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Going to the Cloud: How One Company Sees the Future

Small and medium-sized IT departments face unique challenges when it comes to deploying cost-effective information technology solutions, and seamlessly integrating those systems across the enterprise. Their budgets, teams and executive support are often limited. These challenges prompted the founders of RunMyProcess to create a cloud-based platform to help deliver IT projects in a timely, cost-effective way, and help them level the playing field with larger competitors.

RunMyProcess founders Matthieu Hug, Eric Mahe and Alexandre Lachmann began as colleagues at IT consulting firm CapGemini. There, the trio saw first-hand how costly and time-consuming it can be for smaller companies to implement even foundational IT solutions. This pushed them to create a company that provided options to help organizations build affordable applications that could be implemented in a timely manner, and easily integrated within existing solutions.

RunMyProcess was established in Paris in 2007. By 2009, the team launched its cloud-based platform that allows users to design, run and manage business processes. The platform is based on business process management concepts that provide structured workflows.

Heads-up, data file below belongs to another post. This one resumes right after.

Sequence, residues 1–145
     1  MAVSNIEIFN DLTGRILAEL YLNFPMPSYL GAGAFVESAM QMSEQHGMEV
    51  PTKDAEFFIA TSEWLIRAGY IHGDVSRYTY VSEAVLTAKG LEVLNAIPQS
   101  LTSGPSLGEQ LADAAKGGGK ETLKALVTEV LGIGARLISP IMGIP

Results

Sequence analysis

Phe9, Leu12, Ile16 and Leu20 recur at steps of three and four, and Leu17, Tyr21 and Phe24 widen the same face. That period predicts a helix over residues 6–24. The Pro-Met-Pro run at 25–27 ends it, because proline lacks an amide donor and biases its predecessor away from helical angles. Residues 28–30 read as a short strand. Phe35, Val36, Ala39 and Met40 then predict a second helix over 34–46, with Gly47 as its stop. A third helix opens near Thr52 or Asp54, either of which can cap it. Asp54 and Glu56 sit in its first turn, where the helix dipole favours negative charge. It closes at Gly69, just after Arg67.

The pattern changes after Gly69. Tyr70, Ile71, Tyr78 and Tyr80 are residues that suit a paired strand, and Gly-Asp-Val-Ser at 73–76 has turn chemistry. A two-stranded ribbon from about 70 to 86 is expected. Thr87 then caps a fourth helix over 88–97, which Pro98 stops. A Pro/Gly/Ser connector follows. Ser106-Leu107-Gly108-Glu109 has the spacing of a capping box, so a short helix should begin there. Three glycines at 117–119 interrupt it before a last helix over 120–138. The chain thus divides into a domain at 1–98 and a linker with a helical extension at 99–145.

Because the service is delivered in the cloud, users are not hindered by hardware, software or coding.

“We created a way for organizations to use cloud computing to create applications based on workflow,” said Stephanie Kidder, RunMyProcess’ director of global marketing.

Within two years, the technology provider has further boosted the functionality of its platform. This includes the addition of 1,200 connectors to its infrastructure that links users to other software-as-a-service apps. The result is companies now have an easy way to create integrated applications using an on-demand business model.

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“We have competitors that also feature integrated applications, but since our solution is based on process management and workflow, we are able to instantly integrate applications within the enterprise,” Kidder said.

RunMyProcess offers a 30-day trial that allows users to follow three steps to test the platform and build apps. First, users are guided through the design interface where they build apps directly through the Web browser user interface. Next, the workflow and graphic environment teaches users how the business process management and workflow sequences transfer data between processes. The final interface allows them to integrate the apps with others on a test basis.